Genre: Graphic Novel, Memoir, Nonfiction
Book Jacket Synopsis: “One day, David Small awoke from a supposedly harmless operation to discover that he had been transformed into a virtual mute. A vocal cord removed, his throat slashed and stitched together like a bloody boot, the fourteen-year-old boy had not been told that he had cancer and was expected to die. In Stitches, Small, the award-winning children’s illustrator and author, re-creates this terrifying event in a life story that might have been imagined by Kafka. As the images painfully tumble out, one by one, we gain a ringside seat at a gothic family drama where David – a highly anxious yet supremely talented child – all too often becomes the unwitting object of his parents’ buried frustration and rage. Believing that they were trying to do their best, David’s parents did just the reverse. Edward Small, a Detroit physician who vented his own anger by hitting a punching bag, was convinced that he could cure his young son’s respiratory problems with heavy doses of radiation, possibly causing David’s cancer. Elizabeth, David’s mother, tyrannically stingy and excessively scolding, ran the Small household under a cone of silence where emotions, especially her own, were hidden. Depicting this coming-of-age story with dazzling, kaleidoscopic images that turn nightmare into fairy tale, Small tells us of his journey from sickly child to cancer patient, to the troubled teen whose risky decision to run away from home at sixteen – with nothing more than the dream of becoming an artist – will resonate as the ultimate survival statement. A silent movie masquerading as a book, Stitches renders a broken world suddenly seamless and beautiful again.”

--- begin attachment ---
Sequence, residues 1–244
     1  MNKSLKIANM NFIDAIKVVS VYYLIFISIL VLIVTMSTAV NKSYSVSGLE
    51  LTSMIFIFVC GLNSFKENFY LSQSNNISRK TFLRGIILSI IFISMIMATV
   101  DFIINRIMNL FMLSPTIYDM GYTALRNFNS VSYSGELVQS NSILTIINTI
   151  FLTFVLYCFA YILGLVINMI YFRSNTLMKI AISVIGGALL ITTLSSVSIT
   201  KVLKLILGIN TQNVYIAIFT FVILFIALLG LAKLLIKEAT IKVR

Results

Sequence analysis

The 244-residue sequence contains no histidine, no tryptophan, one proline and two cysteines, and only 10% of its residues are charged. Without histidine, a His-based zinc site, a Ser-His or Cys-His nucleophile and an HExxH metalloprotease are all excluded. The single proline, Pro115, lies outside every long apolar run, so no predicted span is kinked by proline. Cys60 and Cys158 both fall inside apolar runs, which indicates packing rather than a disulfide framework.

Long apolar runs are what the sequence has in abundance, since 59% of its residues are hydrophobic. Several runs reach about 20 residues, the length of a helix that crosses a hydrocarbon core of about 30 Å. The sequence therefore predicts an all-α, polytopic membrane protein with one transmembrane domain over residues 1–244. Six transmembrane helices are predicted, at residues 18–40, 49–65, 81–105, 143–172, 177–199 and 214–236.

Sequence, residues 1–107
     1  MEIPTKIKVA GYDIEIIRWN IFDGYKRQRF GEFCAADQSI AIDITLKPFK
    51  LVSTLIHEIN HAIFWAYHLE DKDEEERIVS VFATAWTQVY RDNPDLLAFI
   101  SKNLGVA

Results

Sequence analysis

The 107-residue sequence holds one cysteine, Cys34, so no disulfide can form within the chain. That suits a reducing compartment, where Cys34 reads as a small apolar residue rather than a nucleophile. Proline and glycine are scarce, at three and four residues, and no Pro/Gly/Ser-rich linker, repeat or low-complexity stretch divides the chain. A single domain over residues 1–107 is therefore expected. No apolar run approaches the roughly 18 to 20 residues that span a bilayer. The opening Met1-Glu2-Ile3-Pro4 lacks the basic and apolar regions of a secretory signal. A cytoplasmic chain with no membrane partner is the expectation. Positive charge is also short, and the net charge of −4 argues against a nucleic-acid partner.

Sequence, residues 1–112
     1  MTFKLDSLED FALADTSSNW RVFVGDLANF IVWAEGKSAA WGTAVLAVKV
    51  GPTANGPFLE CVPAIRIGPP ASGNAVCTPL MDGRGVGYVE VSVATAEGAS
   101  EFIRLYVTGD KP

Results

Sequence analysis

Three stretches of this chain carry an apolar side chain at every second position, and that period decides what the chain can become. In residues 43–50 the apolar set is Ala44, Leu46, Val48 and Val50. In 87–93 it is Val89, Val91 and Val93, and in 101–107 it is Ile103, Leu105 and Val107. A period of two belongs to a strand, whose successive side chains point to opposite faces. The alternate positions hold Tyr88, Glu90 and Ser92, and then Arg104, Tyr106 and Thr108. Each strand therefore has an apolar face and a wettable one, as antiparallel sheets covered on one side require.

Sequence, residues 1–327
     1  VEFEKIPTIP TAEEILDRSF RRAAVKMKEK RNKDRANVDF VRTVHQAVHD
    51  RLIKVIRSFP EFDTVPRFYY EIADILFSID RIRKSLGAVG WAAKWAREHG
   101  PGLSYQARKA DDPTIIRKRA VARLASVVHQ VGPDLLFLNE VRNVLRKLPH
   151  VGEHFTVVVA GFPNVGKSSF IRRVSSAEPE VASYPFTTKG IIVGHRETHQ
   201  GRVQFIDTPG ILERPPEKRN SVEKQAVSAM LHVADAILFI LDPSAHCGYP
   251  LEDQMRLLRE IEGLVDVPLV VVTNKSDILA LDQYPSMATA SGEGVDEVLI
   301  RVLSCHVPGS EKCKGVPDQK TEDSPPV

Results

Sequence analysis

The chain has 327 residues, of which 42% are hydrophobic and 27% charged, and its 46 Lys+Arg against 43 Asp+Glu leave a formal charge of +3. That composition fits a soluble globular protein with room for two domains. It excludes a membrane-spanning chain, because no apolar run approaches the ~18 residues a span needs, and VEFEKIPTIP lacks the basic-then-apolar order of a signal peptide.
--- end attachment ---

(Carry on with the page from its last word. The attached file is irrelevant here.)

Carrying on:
Review: I decided to read Stitches after my labmate, Ana, recommended it. Her praise of the book largely stemmed from the excellent drawings, and I certainly can’t argue with her there. Prior to reading this book, I was unfamiliar with David Small’s work. But having now experienced his artistic talent, I’m eager to see how my two young nieces feel about his picture books (and we have 25 to choose from!).
However, Stitches is definitely more suited to mature readers, given how intense some of the content is. It’s no small feat that David was able to survive his dysfunctional family, complete with a frigid mother, perpetually angry father, and psychotic grandmother. I had thought (or perhaps hoped) that Stitches was not a true memoir; after all, what kind of parents don’t tell their child they have cancer until years later? But what becomes clear from the very beginning of Stitches is that David’s art was his sanctuary and escape. Through art, he was able to survive an incredibly challenging upbringing.
Altogether, I think Stitches is a really fascinating graphical memoir. I’m still trying to figure out how I feel about graphic novels as a whole, which is why I rated this one three out of five stars. But for those looking to give graphic novels a chance, this is a great one to start with.